Testing biochar as sorbent to decrease samarium mobility in contaminated areas

Conference Dates

September 15-20, 2019


Samarium (Sm), a rare earth element of lanthanides group, is an emerging contaminant that has been found in wastes resulting from agricultural and industrial activities, especially in China. There are many evidences of watersheds that, due to contamination by industrial wastes, specially mine tailings, contain Sm at high concentration levels, such as the case of Baotou Area containing up to 130 μg Sm L-1 (1). Besides, some works have also reported that the Sm concentration in lands treated with rare earth-rich fertilizers or irrigated by the abovementioned contaminated water sources is abnormally high, e.g., 492 mg kg-1 in Bayan Obo (2). This concomitant soil contamination is also of special concern since soils can act as sink of Sm that can be further incorporated in the food chain or reintroduced into water sources due to irrigation and raining processes. Biochars are increasingly being considered as sorbents for the removal of inorganic pollutants from contaminated waters (Doumer, 2016), but also as soil amendments as they may have a high sorption capacity for several inorganic pollutants, and they are also low-cost materials that may improve soil properties as water holding capacity, nutrient status and pH. However, secondary effects on soil solution composition, as the increase in the dissolved organic carbon (DOC), jeopardize their application for several pollutants, such as heavy metals forming soluble chelates with organic matter compounds. Moreover, biochar will decrease contaminant mobility in soils only when the sorption capacity of biochar exceed that of the soil in various orders of magnitude, considering the low dose (often lower than 10% w/w) with which they will be applied. Therefore, laboratory assays are required to assess the sorption properties of a biochar before using it at field level as soil amendment or as sorbent for water filtration. In the case of lanthanides, there are scarce data on their mobility in soils and on their sorption by biochars. In this work, we examine the capacity of a set of biochars of varying pH and DOC, to sorb Sm, as representative for lanthanide pollutants, in a wide range of Sm concentrations. Biochar concentration-dependent sorption capacities were compared with those of activated charcoal and of a by-product from the metallurgical industry (coal fines). Results indicated high sorption capacities at low Sm concentration range (up to distribution coefficients of 104 L/kg), with desorption rates lower than 1%. Distribution coefficients of Sm in biochar significantly decreased when increasing Sm concentration levels, indicating saturation of the sorption sites of the material with maximum sorption values very similar to the cation exchange capacity of the biochar and suggesting that the main interaction mechanism was cation exchange. The implications of the use of biochars in soil remediation actions as well as in the treatment of contaminated waters are also discussed.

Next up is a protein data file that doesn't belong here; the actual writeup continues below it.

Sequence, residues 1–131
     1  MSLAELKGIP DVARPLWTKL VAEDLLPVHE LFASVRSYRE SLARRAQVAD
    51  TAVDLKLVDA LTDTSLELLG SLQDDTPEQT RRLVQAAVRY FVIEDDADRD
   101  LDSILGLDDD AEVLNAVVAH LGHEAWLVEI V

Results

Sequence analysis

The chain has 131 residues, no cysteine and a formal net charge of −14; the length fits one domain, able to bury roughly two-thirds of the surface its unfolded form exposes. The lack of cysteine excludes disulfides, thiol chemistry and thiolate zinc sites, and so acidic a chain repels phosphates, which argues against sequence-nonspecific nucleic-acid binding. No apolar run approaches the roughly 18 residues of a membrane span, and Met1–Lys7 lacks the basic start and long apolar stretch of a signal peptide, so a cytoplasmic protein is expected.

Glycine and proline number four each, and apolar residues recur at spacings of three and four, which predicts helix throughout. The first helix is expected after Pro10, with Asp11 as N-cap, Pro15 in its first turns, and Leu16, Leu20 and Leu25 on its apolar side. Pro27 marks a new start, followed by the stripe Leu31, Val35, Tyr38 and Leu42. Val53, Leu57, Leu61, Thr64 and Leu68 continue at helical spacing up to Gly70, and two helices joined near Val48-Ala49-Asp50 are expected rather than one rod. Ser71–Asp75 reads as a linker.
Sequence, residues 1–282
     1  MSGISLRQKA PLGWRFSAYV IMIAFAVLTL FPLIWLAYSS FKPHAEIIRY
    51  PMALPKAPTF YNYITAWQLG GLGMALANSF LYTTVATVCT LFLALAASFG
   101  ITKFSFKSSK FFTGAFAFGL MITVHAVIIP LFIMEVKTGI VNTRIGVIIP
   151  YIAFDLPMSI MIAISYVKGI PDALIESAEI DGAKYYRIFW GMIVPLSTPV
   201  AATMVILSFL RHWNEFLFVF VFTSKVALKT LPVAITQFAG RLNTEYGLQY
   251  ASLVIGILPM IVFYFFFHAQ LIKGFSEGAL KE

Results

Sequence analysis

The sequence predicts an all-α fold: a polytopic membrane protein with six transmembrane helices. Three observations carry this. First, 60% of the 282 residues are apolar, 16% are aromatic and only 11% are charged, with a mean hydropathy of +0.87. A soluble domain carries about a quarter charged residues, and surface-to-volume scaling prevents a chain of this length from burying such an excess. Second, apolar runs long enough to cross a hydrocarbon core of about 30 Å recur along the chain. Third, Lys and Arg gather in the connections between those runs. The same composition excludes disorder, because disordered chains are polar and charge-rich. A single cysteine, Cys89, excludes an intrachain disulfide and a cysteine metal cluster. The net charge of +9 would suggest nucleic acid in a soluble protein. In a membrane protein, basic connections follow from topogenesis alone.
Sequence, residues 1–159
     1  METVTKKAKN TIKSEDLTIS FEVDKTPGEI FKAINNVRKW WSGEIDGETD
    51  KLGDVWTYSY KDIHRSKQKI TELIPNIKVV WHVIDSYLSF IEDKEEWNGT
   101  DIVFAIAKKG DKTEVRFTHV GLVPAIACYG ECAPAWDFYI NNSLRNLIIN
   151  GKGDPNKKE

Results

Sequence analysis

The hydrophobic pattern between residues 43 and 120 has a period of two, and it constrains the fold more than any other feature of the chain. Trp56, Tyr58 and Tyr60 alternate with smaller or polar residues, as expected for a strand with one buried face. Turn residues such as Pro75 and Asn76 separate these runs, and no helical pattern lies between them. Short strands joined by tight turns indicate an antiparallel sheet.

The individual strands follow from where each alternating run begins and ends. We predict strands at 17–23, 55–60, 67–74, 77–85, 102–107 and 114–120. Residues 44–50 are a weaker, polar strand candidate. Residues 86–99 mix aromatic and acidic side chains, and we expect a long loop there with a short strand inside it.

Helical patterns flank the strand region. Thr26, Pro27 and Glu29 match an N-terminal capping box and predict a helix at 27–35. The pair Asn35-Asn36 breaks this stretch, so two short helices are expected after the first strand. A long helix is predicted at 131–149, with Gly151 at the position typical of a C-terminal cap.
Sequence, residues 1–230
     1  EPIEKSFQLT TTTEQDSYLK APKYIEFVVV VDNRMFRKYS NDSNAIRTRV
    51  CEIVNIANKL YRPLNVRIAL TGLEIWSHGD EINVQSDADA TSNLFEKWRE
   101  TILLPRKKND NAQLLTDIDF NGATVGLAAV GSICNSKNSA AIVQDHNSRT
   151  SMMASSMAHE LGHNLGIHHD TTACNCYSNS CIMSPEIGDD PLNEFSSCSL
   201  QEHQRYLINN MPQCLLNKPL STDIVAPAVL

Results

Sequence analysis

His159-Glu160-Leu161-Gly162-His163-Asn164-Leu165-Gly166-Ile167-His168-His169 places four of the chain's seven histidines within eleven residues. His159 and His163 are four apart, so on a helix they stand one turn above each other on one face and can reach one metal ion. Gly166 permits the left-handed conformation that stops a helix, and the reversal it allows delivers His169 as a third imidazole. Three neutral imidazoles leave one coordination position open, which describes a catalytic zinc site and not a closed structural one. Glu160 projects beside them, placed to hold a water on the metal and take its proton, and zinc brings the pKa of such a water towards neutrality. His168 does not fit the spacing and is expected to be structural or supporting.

(1) He, J., Lü, C.W., Xue, H.X., Liang, Y., Bai, S., Sun, Y., Shen, L.L., Mi, N., Fan, Q.Y., 2010. Species and distribution of rare earth elements in the Baotou section of the Yellow River in China. Environ. Geochem. Health, 32, 45-58.

(2) Jinxia, L., Mei, H., Xiuqin, Y., Jiliang, L., 2010. Effects of the accumulation of the rare earth elements on soil macrofauna community. J. Rare Earth 28 (6), 957-964.

(3) Doumer, M.E., Rigol, A., Vidal, M., Mangrich, A.S., 2016. Removal of Cd, Cu, Pb, and Zn from aqueous solutions by biochars. Environ. Sci. Pollut. Res. 23, 2684-2692.

64.pdf (111 kB)

This document is currently not available here.